Containment is just a part of the fight. Firefighters work on other operations to control the fire, which includes mopping up — extinguishing or removing burning material — and burnout operations — cleaning up line with fire.
How we fight fire with fire
At the end of a 20-person ground crew linea firefighter with a drip torch may be working on burnout operations.
A drip torch — a canister that drops flaming fuel to the ground — is used for both burnout operations and backfires.
“We’ve coined the phrase, ‘sometimes we fight fire with fire,’” said DNR Assistant Fire Operations Manager Aaron Schmidt. “A backfire is used to alter the course of a fire, and a burnout is simply cleaning up some line.”
Firefighters go through training to learn how to safely use a drip torch.
Training and working as a team
When it comes to wildfires, we are all in this together. We kick off interagency efforts early in the summer. This is just the second year that nearly 1,200 firefighters trained at three wildfire academies to prepare for a challenging wildfire season.
This provides quality wildland fire training at no-cost to interagency firefighting partners. Each academy uses local, state and federal firefighters’ expertise to teach the courses.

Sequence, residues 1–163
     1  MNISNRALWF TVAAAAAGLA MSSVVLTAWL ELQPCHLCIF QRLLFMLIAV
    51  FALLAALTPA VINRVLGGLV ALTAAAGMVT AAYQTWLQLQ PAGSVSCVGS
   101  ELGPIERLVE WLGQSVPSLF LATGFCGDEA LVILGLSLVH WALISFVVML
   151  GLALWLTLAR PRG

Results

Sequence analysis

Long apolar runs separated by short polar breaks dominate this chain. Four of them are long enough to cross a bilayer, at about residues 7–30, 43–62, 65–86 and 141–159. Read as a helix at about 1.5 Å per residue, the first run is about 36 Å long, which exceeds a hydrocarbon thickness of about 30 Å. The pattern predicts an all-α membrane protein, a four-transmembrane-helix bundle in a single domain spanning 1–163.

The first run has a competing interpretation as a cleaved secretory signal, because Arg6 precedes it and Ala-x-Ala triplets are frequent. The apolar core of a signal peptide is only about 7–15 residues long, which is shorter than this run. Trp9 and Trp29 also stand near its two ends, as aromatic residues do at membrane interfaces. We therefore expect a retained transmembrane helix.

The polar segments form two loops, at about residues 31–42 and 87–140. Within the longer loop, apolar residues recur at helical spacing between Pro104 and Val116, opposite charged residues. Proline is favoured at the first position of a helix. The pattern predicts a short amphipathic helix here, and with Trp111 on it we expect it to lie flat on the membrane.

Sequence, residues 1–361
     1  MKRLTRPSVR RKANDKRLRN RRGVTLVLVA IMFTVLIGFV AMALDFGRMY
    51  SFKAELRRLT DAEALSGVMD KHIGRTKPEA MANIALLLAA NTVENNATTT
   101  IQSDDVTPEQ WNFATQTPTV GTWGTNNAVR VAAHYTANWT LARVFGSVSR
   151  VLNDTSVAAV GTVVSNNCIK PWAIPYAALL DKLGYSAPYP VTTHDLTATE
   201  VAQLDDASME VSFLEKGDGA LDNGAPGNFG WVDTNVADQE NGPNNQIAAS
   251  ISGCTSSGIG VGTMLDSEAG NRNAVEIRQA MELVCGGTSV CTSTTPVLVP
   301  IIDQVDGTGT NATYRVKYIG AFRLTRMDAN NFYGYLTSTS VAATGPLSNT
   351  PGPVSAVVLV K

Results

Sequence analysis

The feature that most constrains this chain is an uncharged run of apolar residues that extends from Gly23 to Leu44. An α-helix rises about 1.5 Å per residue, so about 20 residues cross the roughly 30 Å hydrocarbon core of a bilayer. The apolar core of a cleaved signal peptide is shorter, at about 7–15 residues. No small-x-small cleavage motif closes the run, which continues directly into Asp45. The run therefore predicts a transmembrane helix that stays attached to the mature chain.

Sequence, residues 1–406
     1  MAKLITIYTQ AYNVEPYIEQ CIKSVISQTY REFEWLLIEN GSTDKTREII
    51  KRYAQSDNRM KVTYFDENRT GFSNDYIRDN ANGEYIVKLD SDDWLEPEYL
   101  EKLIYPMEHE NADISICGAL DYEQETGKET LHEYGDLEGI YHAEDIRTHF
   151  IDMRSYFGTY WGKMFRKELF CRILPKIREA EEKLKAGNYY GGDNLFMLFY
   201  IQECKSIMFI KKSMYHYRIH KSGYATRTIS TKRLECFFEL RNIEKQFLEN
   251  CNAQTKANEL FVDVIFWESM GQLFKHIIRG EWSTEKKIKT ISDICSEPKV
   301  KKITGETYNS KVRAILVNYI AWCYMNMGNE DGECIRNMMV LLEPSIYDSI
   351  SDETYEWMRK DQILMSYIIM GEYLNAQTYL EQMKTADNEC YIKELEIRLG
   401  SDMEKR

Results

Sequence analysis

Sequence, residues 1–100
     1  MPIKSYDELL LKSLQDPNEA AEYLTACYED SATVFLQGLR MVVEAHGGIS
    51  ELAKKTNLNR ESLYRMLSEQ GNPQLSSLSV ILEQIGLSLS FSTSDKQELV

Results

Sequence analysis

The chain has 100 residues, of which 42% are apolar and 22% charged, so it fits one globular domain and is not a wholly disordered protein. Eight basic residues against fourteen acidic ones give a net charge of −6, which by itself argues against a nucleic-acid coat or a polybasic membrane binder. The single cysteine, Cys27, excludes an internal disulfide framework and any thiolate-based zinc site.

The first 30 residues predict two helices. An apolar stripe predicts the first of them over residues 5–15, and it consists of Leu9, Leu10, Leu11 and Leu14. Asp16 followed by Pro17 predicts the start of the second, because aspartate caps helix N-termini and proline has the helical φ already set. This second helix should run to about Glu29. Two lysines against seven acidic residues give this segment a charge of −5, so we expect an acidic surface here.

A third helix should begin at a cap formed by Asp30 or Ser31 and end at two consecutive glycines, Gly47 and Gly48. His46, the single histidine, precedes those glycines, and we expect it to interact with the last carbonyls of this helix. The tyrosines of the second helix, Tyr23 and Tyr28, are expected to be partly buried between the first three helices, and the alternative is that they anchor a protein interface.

“We are training all of our firefighting teams together. We believe the more we are closely working and training together, we can begin the coordination, collaboration, and communication we know we need on the fireline,” said Commissioner Franz during the Western Washington Interagency Fire Training Academy.
We’re also working to take our teamwork to the next level.
The Washington Wildland Fire Protection strategic planning process will bring together the leaders, partners, and stakeholders in wildland fire prevention, response, and community resilience to envision a new future for effective wildland fire management. View our fact sheet for the development of the WA Wildland Fire Protection Strategic Plan here.
The importance of aviation
Our air assets are crucial in our strategy for initial attack—the actions taken by the first resources to arrive at a wildfire helps to protect lives and property, and prevent further expansion of the fire.
DNR’s Wildfire Aviation is comprised of 8 UH-1H (B-205) helicopters modified for water/suppressant delivery in remote locations with the capability to deliver helitack crews into otherwise unreachable terrain. A helitack crew is a group of firefighters trained in the technical and logistical use of helicopters for fire suppression.
DNR keeps a mix of aircraft in addition to helicopters, including water scoopers like Fire Bosses and Single Engine Air Tankers (SEATs) that can deliver up to 800 gallons of fire retardant.